The Diversity and Inclusion Task Force presents Excellence in STEM, with Juan Machado, IT Associate Director of Infrastructure and Security at the University of Georgia.
In this interview, Juan shares his experience overcoming doubts and mistrust of his credentials in the United States as a computing professional educated in Colombia.
Continue reading for insight and advice from Juan Machado.
Why Did You Choose Your Current Technical Field?
Juan Machado To be honest, I was in high school in the late 80s, computers were a new thing and I thought they were cool. I was a good student, loved math, and visited 1 prestigious university in my city in Colombia and was immediately accepted. After 2 years in school, I concluded that I loved Computer Science.
What does a typical day or week look like for you as an Associate Director of Infrastructure and Security?
Juan Machado Checking systems, reading and acting on commercial and government cybersecurity advisories, and being as proactive as possible with all our on-prem and cloud infrastructure resources.
What’s been your greatest professional challenge as a member of the Latino community, and how did you overcome it?
Juan Machado At the beginning of my professional career in the US, I got too many automatic distrust of professional “doubts” because my college education was from a “third-world” country where “homes don’t have real roofs and donkeys are everywhere” (that was the phrase used by a co-worker at that time. It took them a short time to realize for themselves that my college education was top-notch. In fact, the professional credentials evaluation/equivalence done by the US government on my credentials came back saying that my undergrad degree was similar to graduate school studies in the United States. I could have played politics or made connections who would vouch for me, but I decided to let them see the quality of my work. Working in the south of the United States was hard at the beginning because there is a lot of racism sometimes coming from people that don’t even realize they are being racist with their actions, comments, or beliefs. My advice for newcomers is to not let these external factors opaque who you are, be you, and show your professionalism. Everybody knows that Latinos work hard, and you are not going to be the exception.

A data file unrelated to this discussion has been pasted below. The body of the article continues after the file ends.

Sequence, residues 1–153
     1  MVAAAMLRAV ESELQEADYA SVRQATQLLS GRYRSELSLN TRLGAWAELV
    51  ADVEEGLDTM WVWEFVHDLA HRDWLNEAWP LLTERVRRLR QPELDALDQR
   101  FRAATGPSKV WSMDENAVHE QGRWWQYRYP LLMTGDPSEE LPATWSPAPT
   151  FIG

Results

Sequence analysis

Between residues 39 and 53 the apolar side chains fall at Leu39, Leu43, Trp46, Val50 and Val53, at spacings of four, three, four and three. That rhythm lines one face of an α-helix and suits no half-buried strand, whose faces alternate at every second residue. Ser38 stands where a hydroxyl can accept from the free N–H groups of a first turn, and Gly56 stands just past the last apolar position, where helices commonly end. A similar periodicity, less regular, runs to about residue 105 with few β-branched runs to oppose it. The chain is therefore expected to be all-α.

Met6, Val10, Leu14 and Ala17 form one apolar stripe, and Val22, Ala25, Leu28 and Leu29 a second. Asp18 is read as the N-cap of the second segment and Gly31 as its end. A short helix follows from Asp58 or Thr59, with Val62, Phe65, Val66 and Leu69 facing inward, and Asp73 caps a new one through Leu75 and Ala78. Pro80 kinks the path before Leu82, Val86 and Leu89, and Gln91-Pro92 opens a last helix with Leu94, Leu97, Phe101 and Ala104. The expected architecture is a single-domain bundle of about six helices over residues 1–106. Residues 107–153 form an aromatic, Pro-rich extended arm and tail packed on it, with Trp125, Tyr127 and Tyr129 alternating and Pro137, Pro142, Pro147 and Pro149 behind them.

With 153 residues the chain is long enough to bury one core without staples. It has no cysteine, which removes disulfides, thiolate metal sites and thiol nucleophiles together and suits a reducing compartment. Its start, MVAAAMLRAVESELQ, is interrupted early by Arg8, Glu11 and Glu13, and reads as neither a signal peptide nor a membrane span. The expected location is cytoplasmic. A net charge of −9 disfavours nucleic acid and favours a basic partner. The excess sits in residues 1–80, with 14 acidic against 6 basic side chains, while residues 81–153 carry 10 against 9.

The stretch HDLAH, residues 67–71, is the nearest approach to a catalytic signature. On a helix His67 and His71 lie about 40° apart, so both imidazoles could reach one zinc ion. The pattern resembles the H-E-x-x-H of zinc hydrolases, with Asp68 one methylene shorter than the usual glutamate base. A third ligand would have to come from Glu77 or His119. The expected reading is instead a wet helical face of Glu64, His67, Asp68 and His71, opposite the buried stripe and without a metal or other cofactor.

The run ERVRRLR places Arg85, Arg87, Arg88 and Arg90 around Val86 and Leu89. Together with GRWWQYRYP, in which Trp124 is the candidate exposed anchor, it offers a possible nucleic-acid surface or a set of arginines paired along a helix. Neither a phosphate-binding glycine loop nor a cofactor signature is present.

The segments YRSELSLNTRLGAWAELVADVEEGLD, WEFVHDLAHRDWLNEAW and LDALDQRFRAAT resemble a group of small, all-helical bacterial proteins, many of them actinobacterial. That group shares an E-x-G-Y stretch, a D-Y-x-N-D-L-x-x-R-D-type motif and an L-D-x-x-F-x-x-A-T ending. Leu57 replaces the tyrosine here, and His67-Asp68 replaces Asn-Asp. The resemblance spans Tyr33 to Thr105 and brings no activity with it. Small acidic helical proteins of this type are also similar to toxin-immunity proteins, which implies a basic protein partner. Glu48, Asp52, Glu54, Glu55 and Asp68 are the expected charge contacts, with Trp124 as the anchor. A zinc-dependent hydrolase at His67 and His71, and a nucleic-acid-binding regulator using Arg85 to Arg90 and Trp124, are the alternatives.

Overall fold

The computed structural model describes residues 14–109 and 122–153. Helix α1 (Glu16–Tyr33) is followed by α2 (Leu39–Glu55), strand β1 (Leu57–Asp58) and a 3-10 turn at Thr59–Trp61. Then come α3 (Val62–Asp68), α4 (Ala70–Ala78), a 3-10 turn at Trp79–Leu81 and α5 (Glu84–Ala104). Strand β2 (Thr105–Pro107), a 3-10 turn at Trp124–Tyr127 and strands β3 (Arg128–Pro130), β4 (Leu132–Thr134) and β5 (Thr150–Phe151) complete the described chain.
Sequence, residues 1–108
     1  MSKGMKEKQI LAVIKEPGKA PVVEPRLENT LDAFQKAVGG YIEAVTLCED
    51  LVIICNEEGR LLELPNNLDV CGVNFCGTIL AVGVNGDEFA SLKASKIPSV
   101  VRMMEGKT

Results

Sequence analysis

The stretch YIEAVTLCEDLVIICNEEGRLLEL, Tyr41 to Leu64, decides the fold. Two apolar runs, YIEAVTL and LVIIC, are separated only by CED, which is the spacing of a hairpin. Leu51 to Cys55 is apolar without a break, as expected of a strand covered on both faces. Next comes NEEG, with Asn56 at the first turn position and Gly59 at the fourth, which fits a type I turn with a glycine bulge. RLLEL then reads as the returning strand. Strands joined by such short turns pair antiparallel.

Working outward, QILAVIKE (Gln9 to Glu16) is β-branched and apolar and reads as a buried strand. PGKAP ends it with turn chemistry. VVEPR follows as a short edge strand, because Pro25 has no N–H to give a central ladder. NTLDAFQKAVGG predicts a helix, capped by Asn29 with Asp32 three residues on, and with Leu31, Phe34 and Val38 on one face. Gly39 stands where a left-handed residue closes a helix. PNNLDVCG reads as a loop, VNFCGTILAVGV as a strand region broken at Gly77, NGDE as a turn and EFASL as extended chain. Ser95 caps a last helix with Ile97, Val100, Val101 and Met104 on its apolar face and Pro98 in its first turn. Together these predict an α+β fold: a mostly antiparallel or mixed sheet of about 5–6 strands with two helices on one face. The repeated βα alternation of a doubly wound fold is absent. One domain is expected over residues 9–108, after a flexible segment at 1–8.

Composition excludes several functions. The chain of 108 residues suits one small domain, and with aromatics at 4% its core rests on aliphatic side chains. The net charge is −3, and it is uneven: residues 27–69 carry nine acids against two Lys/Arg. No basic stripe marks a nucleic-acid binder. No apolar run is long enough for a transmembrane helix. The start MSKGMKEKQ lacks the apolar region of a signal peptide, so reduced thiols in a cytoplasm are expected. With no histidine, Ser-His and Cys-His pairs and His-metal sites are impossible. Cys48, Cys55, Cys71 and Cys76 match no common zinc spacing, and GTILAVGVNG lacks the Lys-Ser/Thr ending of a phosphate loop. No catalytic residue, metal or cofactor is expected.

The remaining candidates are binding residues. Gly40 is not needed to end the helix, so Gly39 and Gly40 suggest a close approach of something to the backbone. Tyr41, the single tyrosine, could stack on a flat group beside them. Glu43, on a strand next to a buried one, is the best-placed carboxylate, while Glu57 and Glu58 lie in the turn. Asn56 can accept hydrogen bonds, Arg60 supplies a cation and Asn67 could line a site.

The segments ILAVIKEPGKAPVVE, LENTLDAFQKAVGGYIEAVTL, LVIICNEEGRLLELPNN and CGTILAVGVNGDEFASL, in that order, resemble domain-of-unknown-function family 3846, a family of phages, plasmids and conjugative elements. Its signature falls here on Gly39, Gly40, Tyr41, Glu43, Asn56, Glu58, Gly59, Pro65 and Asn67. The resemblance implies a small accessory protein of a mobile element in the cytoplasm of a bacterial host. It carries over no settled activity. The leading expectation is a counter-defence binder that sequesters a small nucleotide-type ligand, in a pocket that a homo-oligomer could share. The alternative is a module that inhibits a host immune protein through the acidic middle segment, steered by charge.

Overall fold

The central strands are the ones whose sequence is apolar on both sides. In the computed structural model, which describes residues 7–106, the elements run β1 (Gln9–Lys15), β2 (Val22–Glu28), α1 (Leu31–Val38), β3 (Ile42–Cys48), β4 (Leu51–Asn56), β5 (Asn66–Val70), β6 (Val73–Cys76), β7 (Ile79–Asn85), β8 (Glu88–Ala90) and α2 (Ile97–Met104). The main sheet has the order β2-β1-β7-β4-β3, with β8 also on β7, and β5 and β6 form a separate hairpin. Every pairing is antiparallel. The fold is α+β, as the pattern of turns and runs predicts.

What is one piece of advice you can give Latino students and/or early career professionals?
Juan Machado My advice is always the same, work hard, give 200% and always be yourself. I have encountered a lot of professionals that only do what they are told to do and always “stay in their lane”. That’s something I see that differentiates the professional Latinos where we don’t only do what we are expected to do in our job description but always try to learn and improve other processes outside our job responsibilities. Latinos have that extreme curiosity and resourcefulness that makes us different. During that professional climb, try to participate in peer mentoring programs, not only for Latinos but for every other culture. The growth of the Latino population has impacted the face of college students of today, and you are part of it. Find and join Latinx organizations in your college and geographical region for peer networking, but don’t focus just on those, networking also happens during cross-pollination with other cultures.
What would you consider are Hispanic traits or behaviors instilled by your family that has made you successful?
Juan Machado Never forget where you came from. I am a first-generation college graduate as a Computer Engineer and later obtain two master’s degrees in Computer Science and Business Administration. Learn something new every day and teach something new every day too. The road to where I am as a professional was not easy, try to make it a little bit easier for the new generations.
What do you miss from your country of origin?
Juan Machado I miss a lot of things from Colombia: my family, my friends, the people, the food, the flowers, the mountains, the weather, and especially my culture.
What would you like to tell people about your country of origin?
Juan Machado Just one thing: It is COLOMBIA, not Columbia
About Juan Machado:
Juan Machado is the IT Associate Director of Infrastructure and Security and has been with the University of Georgia for 23 years. His education background includes a MS in Computer Engineering and an MBA with multip certifications in Cloud, IT Security, and PMP. When he isn’t teaching network telecommunications and IT security, he spends his time with his wife and dog, and enjoys watching his twins daughters compete in club volleyball.